What Is To Be Done?

The cover of Lenin's What Is To Be Done

Indeed, what is to be done?

Times flies … I’m surprised that it’s 10 days since I last wrote a ‘proper’ new entry. Today’s ride, with Charli, was essentially a permutation on yesterday’s route – these are reasonably quiet lanes.

There’s plenty of tree-debris around, both from the recent unusually strong winds and just as you’d expect for autumn. It can make for a tricky ride at times, not least because a pile of leaves or thick coat of beech mast and mush can easily obscure the pot-holes. The pot-holes never go away.

Over some unexceptional autumnal rides and a couple of nights away, the last few days’ thinking has been dominated by revolution. From Russell Brand being interviewed by Jeremy Paxman to the day-to-day conversations you find yourself having with friends and acquaintances, increasingly, discontent is in the air. Media figures and celebrities aside, Josephine and Joe Average aren’t happy.

I don’t know where that unhappiness might lead. I doubt there are many who genuinely want revolution in the sense of widespread unrest and violence, a real breakdown of order and social cohesion – civil war, almost inevitably. On the other hand, the need for something palpably significant to change in how we are governed in the broadest sense of that word, and thus how we feel about our lives, is increasingly strong.

‘What Is To Be Done’, as Lenin said. Spare us all the Marxism-Leninism, but, indeed, what is to be done?

Brand, Paxman and Channel Four’s Mason’s views on their meeting.

Summer Fixed Wheel Revelation (Just For Cyclists)

‘Ride a fixed wheel in winter’ is – I’m told – the old British approach to training and I guess I’m traditional enough to do just that. I don’t ride to train, I ride because I enjoy riding, I enjoy riding a fixed wheel and because they’re such simple bikes, they take the winter battering very well. I tend to do 15-20 milers, and do fewer geared road and off-road miles.

However, this summer I’ve been doing one or two short (10 mile or so) fixed wheel rides a week on top of longer geared road rides and I’ve been surprised at how beneficial it’s proving. The improved fluidity in pedalling is marked; there’s something about how your legs ‘learn’ to keep turning regardless that I find they don’t unlearn when on another bike. The result’s very positive – particularly so when you’re faced with a bit of a slog like I was today – the last 10 of 40 miles were into a stiffening headwind.

It might not work for everyone, but if you’ve a fixed wheel that you can get out on, try it in summer and see.

The Flywheel (Just For Cyclists)

This is just an aside prompted by a couple of turbo-trainer sessions and, today and yesterday, two sub-20 mile rides on a fixed wheel.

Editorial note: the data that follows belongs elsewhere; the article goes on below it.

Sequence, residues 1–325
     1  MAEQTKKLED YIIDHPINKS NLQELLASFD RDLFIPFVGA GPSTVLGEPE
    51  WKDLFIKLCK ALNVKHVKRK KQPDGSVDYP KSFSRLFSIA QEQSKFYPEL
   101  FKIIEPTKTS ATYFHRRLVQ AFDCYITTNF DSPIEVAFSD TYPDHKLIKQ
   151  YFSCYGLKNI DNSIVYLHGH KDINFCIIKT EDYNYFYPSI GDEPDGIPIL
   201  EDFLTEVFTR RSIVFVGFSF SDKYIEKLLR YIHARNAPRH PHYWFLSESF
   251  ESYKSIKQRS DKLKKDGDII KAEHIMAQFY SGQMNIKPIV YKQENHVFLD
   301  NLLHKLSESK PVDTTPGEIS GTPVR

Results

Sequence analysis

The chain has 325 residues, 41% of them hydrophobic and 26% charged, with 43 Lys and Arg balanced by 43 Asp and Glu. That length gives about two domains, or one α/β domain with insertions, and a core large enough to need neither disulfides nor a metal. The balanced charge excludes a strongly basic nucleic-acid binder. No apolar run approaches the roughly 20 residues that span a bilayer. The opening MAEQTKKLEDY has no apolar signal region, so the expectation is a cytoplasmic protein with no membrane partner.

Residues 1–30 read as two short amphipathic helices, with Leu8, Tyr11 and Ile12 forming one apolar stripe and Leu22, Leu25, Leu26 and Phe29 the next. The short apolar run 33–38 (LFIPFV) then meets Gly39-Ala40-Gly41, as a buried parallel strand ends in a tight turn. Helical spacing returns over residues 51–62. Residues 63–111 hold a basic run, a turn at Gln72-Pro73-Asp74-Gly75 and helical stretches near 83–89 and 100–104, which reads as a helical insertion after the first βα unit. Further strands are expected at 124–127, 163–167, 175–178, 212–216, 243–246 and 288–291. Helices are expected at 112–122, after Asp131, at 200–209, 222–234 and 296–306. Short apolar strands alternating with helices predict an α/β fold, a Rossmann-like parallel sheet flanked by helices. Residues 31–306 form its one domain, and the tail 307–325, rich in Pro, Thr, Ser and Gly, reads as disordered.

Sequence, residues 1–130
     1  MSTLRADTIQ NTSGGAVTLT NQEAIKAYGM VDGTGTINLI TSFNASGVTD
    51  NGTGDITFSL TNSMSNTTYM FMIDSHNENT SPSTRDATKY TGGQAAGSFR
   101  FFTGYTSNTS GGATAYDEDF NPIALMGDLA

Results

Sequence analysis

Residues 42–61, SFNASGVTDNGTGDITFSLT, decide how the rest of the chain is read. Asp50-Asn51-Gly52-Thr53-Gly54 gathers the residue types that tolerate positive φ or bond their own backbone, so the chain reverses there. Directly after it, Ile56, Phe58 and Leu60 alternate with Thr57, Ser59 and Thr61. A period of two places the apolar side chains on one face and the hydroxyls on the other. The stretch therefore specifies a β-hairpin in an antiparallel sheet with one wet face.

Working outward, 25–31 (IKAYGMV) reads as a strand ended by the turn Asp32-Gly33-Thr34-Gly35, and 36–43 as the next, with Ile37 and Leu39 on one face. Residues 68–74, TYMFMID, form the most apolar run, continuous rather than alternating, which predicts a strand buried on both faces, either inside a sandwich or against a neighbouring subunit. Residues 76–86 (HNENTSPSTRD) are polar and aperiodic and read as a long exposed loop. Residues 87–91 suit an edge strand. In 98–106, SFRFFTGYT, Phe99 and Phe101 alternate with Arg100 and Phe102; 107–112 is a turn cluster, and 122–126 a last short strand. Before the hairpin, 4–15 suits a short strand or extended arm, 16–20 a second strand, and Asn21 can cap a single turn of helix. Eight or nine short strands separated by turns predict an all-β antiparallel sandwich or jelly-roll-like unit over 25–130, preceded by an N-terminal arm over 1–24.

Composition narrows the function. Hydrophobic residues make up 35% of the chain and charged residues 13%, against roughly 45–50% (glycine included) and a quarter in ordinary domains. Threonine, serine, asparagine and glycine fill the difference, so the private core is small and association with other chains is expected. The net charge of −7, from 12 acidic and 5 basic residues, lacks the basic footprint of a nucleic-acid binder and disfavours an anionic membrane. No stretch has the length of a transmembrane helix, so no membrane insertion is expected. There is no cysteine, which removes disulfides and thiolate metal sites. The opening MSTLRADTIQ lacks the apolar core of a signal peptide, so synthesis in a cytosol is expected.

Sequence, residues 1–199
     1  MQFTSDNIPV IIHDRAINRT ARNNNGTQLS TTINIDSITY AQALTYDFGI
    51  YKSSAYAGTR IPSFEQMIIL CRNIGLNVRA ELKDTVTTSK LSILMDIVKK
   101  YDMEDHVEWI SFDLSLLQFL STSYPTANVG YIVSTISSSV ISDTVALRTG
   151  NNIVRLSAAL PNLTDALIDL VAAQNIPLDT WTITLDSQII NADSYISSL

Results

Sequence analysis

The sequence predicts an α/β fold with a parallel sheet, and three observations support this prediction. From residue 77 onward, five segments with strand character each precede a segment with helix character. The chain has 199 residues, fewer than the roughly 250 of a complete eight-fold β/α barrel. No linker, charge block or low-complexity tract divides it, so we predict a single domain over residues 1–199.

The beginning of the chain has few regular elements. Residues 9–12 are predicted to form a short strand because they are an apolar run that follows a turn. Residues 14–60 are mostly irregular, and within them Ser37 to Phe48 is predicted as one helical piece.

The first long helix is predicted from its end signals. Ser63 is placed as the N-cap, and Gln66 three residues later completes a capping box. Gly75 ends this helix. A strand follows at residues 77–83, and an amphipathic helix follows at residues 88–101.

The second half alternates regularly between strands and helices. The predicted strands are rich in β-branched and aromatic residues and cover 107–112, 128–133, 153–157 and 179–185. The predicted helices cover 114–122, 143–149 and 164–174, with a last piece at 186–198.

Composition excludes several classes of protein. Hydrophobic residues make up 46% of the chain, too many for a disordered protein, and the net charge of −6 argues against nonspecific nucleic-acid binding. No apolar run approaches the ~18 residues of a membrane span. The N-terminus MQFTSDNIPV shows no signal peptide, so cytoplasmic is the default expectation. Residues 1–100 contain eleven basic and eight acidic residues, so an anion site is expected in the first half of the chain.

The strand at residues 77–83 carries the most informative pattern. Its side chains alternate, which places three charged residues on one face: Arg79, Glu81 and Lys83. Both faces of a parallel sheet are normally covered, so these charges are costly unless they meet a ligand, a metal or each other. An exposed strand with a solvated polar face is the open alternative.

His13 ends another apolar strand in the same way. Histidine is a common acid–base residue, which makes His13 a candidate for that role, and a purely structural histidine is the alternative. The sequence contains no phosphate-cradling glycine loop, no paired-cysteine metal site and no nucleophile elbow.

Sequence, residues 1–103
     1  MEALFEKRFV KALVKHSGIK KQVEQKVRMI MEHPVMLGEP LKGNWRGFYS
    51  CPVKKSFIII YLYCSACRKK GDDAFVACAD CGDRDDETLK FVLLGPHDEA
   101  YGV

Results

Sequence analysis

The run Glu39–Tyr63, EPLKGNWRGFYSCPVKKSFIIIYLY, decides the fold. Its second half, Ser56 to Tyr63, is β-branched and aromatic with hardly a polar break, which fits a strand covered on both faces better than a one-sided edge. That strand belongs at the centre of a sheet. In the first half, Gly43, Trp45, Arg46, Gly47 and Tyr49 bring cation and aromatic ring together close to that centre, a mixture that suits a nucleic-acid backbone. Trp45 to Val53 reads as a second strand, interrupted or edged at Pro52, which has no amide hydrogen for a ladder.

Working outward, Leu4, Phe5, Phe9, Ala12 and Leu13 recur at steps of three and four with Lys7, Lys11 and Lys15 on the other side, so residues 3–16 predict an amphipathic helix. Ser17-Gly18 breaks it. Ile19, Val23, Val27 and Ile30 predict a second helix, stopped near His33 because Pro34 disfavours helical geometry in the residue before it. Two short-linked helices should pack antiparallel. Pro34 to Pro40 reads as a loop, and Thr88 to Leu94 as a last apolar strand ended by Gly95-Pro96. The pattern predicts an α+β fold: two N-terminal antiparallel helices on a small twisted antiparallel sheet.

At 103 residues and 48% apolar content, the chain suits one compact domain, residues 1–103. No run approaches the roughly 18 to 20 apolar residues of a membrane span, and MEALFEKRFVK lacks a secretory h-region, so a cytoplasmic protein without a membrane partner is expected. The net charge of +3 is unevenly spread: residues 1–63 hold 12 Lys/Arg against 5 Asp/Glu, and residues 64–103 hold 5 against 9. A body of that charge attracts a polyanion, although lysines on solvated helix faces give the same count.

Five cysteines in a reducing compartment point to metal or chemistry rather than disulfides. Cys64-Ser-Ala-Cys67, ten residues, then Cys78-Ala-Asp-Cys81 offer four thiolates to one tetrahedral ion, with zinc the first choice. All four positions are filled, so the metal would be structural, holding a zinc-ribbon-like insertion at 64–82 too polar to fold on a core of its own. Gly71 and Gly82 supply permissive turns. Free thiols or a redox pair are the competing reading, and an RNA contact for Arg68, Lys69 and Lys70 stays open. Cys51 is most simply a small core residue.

Last year I was using a fixie on the trainer, this year it’s a regular geared bike. Comparing the speeds and comparing how I feel, the significance of influence of the flywheel effect that riding a fixed wheel offers is quite apparent. This is nothing scientific, I know, but it seems to me it’s worth at least one-to-two miles an hour, everything else being equal – gear ratio, the quality of the rider and so on.

And, this week, riding a fixie out on the road, the same feeling of the bike positively working with you – if that makes any sense – really struck me as I was coming up a gentle but fairly long incline. It has to be said that riding a fixed wheel does offer quite a different, and very pleasurable, riding experience … just not one that’s ideal on very hilly terrain or windy days!

Wet Leaves, Mud, Low Sun And Darkness (Just For Cyclists)

A while back I wrote some tips for novices, for riding in the wet. These proved popular so herewith a few more Autumn-inspired thoughts in a similar vein:

  • The sun can be very low – and blinding. If you’re riding in to the sun and having trouble seeing, bear in mind that drivers might be coming up behind you and struggling to see too – and that includes spotting that small-profile bike and rider combo in front of them. If it’s really bad, get off and walk on the path.
  • Darkness sneaks up – quickly. On a dull Autumn day, you can need full night lights by mid afternoon. Don’t get caught out with thoughts of “dusk isn’t until 5” or whatever.
  • Leaves look lovely. They are also quite lethal if you come across them in the wrong place – the classic being a leaf-strewn corner. Sliding on leaves isn’t fun. All you can do is think about where you’re riding – if it’s tree-lined be a bit more careful about what might be around the corner.
  • Mud is evil. A coating of mud on a road is as slippery as anything – snow or ice included. There’s plenty of mud around this time of year. Around here at least, there currently seems to be plenty of farm activity that involves mud-bespattered tractors driving down lanes with all the obvious consequences, but it’s by no means solely caused by tractors.